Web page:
Note too that some of the most serious personnel problems facing managers are those involving behavioural issues and attitudes. The normal outcome is that other staff on the team or on the periphery will resign or be poorly affected by the problems going on around them. The people who resign are normally those the manager least wants to lose. The best performers are also the most proactive; they also have no difficulty finding alternative employment.
Objectives of the interview
In every interview, regardless of the type of worker coming into the environment, three criteria must be addressed:
Does the candidate have the required skill set to be able to perform the job?
Does this position constitute a good move for the candidate? Is it a career move as opposed to a job move (for the permanent hire)? Will the candidate stay through to the completion of the contract and all renewals (for the temporary hire)?
Will the candidate fit into the environment and the team?
Avoid the temptation to bring on board an individual satisfying only one or two of the above criteria. All three must be present.
In addition, it is wise to adopt the attitude “some doubt is no doubt.” In other words, if you have reservations about whether to proceed with someone, don’t proceed at all. I cannot remember who originated this quote, but I have found it personally to be invaluable in the hiring process. Not only must the above three objectives be met by every potential new employee or contract worker, but also they must be met unequivocally.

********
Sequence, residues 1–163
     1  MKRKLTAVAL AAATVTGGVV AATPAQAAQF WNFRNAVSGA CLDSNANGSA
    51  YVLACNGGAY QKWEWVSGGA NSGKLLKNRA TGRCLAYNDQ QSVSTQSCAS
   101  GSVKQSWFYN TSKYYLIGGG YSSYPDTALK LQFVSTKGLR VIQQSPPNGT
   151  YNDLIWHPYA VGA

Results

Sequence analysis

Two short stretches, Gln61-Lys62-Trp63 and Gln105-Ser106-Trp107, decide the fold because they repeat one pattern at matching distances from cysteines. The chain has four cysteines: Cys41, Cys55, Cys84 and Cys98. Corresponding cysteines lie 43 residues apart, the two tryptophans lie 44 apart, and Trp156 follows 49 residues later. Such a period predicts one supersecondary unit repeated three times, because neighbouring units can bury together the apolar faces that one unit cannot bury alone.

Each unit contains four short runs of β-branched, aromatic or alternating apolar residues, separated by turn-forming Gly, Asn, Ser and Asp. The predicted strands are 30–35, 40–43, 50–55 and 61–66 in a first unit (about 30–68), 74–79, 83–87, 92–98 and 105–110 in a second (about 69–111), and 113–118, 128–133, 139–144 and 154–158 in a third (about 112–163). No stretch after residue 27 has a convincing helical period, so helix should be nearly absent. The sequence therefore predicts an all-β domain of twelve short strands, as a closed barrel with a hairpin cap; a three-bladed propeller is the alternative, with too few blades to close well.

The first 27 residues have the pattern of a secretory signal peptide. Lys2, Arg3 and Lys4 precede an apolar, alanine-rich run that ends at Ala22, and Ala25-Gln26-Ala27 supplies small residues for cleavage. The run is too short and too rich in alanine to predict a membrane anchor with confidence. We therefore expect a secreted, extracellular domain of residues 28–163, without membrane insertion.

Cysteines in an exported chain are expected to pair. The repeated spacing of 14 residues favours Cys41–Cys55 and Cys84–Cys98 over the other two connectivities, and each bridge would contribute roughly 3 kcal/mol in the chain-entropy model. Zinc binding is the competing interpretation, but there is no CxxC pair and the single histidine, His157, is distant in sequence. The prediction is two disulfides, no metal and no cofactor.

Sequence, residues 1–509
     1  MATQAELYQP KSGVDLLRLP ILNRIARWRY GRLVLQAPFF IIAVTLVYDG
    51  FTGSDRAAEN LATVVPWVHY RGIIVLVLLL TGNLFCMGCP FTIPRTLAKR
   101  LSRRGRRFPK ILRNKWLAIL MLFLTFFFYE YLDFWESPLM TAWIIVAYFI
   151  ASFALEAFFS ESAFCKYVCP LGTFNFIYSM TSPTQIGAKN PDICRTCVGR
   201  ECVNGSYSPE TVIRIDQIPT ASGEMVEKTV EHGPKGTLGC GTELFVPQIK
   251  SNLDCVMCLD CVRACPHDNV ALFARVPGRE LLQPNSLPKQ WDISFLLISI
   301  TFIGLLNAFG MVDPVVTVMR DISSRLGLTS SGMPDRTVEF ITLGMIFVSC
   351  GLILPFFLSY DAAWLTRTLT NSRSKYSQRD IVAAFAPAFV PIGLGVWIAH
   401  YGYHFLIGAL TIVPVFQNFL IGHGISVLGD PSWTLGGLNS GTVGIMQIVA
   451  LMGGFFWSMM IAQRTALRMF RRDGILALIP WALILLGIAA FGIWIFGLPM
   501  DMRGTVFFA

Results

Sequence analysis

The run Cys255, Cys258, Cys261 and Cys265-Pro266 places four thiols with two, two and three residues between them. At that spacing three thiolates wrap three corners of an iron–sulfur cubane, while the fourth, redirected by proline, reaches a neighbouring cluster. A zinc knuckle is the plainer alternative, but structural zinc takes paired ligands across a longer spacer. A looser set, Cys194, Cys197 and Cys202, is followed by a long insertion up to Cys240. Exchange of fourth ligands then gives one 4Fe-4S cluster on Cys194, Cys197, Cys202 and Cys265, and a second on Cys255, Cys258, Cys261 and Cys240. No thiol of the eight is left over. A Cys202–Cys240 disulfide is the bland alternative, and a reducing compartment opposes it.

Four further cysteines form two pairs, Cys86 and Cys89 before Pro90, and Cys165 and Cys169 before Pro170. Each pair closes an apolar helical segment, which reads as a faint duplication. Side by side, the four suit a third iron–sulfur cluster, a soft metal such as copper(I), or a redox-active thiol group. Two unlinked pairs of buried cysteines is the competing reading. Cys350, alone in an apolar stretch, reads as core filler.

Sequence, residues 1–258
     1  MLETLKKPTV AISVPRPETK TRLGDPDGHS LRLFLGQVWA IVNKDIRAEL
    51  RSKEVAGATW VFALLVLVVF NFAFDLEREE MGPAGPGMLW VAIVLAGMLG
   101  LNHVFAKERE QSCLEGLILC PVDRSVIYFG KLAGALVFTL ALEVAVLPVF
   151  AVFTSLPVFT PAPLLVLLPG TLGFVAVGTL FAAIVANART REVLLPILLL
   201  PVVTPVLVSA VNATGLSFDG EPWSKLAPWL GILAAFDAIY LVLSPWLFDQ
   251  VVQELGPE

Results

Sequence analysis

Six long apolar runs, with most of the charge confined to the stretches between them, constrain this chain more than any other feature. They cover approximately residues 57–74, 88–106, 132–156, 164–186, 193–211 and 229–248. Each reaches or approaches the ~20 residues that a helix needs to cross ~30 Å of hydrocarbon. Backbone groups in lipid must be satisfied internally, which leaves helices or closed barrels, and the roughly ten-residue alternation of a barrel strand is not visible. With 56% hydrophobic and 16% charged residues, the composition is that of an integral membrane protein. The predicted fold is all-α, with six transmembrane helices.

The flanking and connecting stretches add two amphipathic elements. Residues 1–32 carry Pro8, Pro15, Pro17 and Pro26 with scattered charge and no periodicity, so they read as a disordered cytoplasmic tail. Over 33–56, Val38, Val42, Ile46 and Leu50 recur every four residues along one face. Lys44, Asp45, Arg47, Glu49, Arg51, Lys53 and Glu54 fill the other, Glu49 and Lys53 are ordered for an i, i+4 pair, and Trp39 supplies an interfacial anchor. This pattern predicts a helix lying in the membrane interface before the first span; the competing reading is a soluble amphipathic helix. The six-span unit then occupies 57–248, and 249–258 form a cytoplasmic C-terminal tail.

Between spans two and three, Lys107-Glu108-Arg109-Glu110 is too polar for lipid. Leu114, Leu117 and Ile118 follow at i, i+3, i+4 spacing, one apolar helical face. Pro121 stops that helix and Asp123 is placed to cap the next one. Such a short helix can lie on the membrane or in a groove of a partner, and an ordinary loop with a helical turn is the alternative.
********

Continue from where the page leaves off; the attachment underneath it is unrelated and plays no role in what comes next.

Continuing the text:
It is ironic that while hiring managers normally expect the candidate to prepare for the interview, they are not always prepared for the interview themselves. First, you expect the candidate to arrive early or certainly on time. Second, you expect them to have done their homework on the company by viewing the web site, annual reports and/or press releases. They need to understand the job specification, to bring references, work samples and extra copies of their resume.
The candidate expects no less of the hiring manager. Companies will never know how many potential good employees have been lost because the interviewer was not prepared and gave them a poor impression of the company. Preparation indicates an interest in the candidate and makes the candidate in turn feel more comfortable and relaxed.
Some aspects of preparation you may want to consider include: